Earlier in the summer I encountered a giant barrel jellyfish off of the coast of Cornwall, UK and it went viral... here's what I decided to do about it.
My encounter with the giant jellyfish came about after I set up #WildOceanWeek to showcase the epic wildlife on our doorstep here in the UK. After I posted the video it went internationally viral. It was so great for the campaign but I was left with questions
How many jellyfish do we actually get on our coasts? What dictates jellyfish blooms and wash ups? What don't we know?
So I sought the advice of jellyfish expert Dr Nick Fleming from Swansea University who has been studying the distribution of jellyfish around the UK / Irish coastline for over 10 years. Nick uses jellyfish distribution data to assess if there are any changes in the numbers of jellyfish off our coastlines and whether we are seeing an increase in jellyfish as a result of climate change or if these communities are stable from year to year and so..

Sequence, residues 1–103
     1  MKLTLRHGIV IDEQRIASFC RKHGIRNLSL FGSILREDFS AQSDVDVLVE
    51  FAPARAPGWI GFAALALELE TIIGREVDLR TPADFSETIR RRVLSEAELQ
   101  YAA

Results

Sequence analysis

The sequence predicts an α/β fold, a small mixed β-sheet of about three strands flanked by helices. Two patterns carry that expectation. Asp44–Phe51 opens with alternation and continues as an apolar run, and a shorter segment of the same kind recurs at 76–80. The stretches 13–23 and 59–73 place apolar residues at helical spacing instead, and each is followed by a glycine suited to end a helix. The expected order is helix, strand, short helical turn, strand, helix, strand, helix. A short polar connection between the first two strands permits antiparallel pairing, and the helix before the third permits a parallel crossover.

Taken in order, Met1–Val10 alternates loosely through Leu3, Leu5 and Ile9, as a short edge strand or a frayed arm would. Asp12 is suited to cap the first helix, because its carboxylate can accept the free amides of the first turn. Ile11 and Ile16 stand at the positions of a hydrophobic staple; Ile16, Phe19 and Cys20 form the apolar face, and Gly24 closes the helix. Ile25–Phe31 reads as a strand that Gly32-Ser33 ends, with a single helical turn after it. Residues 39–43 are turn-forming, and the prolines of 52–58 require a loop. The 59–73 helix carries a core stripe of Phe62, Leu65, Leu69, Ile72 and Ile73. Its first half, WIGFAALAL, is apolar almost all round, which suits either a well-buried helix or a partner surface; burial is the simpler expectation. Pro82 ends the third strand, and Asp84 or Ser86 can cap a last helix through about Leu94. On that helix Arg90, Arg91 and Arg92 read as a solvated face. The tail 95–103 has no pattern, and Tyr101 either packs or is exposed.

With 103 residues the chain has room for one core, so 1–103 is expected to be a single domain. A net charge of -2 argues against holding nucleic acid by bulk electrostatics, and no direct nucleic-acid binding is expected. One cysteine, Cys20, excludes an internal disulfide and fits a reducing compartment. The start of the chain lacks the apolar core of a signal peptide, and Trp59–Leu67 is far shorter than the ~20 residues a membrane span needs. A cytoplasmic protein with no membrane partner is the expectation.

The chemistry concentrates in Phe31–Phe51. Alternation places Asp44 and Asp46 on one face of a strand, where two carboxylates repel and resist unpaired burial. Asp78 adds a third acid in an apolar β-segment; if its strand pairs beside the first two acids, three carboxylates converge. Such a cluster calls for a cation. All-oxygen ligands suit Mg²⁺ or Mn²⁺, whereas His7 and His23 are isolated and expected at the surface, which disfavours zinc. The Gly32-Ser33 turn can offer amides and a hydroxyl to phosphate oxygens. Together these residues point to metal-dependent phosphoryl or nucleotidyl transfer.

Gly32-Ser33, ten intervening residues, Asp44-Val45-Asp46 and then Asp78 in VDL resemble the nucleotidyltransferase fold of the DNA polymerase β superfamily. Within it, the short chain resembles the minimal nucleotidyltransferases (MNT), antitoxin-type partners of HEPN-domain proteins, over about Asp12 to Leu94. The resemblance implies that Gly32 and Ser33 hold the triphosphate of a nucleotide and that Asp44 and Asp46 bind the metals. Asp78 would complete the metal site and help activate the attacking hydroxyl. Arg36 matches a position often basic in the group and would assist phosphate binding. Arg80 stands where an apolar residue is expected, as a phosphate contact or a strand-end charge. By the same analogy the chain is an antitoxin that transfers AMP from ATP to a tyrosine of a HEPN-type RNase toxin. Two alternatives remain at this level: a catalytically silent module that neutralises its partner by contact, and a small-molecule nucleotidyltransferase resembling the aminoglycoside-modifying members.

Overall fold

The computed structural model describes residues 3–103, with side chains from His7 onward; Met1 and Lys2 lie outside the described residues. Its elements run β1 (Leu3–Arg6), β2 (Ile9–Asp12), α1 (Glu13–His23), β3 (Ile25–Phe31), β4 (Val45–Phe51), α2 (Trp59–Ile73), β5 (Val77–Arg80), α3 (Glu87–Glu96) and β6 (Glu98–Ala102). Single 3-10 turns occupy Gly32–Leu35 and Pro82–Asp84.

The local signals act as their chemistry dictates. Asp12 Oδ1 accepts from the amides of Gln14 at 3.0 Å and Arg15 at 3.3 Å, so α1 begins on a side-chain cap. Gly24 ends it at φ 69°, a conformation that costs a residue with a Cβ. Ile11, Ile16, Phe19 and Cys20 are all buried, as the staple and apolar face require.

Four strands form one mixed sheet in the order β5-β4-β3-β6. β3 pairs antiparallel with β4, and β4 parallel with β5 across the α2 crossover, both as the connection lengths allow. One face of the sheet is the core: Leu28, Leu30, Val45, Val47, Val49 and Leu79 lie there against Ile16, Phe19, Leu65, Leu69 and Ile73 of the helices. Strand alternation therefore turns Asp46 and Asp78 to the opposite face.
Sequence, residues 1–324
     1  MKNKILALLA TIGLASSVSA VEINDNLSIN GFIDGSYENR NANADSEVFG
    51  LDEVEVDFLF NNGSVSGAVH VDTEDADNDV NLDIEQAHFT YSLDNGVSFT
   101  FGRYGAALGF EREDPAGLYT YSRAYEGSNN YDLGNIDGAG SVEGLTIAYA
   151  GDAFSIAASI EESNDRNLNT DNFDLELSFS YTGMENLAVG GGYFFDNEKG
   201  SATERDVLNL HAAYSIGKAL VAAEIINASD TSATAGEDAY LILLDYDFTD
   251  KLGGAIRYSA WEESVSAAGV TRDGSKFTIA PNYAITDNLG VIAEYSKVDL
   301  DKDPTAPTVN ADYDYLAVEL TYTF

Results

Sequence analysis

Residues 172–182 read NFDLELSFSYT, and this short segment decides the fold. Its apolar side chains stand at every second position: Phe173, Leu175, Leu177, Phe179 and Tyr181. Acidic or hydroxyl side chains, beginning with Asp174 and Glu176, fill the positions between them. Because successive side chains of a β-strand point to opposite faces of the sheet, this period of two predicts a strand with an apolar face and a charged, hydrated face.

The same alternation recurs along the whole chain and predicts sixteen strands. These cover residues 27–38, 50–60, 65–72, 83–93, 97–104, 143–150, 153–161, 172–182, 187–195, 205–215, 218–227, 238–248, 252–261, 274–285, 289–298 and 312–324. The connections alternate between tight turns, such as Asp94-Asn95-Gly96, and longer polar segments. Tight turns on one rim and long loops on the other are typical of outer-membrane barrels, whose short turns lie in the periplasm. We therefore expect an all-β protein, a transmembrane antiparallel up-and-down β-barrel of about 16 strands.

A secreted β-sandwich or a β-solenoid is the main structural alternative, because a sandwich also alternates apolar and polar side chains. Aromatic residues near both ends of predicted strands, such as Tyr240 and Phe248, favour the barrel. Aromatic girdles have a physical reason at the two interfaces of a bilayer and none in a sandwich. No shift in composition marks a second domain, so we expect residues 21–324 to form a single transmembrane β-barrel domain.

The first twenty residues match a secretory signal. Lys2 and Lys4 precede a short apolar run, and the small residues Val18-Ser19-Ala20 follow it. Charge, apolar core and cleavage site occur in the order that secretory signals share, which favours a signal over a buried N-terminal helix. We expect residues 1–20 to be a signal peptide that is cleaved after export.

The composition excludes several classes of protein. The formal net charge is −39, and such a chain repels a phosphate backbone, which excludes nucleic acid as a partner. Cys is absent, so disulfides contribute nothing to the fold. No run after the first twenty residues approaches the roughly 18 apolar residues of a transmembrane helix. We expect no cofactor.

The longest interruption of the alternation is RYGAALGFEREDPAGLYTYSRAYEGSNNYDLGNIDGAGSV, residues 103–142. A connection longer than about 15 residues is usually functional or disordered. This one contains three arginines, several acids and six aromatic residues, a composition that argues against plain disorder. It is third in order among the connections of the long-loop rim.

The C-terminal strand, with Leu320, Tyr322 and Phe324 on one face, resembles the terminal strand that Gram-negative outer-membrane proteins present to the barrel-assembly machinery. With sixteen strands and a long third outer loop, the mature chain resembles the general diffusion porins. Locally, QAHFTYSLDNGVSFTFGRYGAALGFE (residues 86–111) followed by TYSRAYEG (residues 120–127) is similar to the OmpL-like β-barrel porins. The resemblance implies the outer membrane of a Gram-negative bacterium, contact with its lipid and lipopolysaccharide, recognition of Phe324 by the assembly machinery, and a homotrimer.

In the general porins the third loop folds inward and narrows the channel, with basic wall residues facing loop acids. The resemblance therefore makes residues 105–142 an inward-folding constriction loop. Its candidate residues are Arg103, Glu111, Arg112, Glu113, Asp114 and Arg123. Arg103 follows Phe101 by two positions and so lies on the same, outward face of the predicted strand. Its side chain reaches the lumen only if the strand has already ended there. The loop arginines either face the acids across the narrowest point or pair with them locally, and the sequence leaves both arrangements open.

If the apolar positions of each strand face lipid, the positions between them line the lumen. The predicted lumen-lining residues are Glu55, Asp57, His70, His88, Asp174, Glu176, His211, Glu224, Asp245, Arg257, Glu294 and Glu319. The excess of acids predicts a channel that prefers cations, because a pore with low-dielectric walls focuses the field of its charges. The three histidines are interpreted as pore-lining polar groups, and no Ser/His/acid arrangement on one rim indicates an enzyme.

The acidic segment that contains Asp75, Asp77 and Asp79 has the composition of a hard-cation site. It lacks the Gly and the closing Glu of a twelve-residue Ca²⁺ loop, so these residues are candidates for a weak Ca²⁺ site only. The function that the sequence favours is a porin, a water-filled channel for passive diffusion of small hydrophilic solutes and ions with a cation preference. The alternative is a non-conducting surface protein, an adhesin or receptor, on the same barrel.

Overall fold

The Great British Jellywatch Weekend was born!
Along with the Marine Conservation Society we decided to team up together to ask the public to count any wash ups of jellyfish seen on their beaches all at the same time, so we can work out the number and top species spotted around our coasts.
The #GBJellywatch now allows us to monitor trends and helps us understand how jellyfish are doing. Plus this will event will now be happening every year!
The format of the survey will stay the same, providing long term monitoring, collecting scientific data which can be compared year-on-year and from it - we hope to be able to create a 'snapshot' of jellyfish numbers across the UK.
So keep your eyes peeled for jellyfish next summer and you can take part in the Great British Jellywatch Weekend! The more people involved, the more we can learn, so please encourage your family, friends and neighbours to take part.
To find out more head to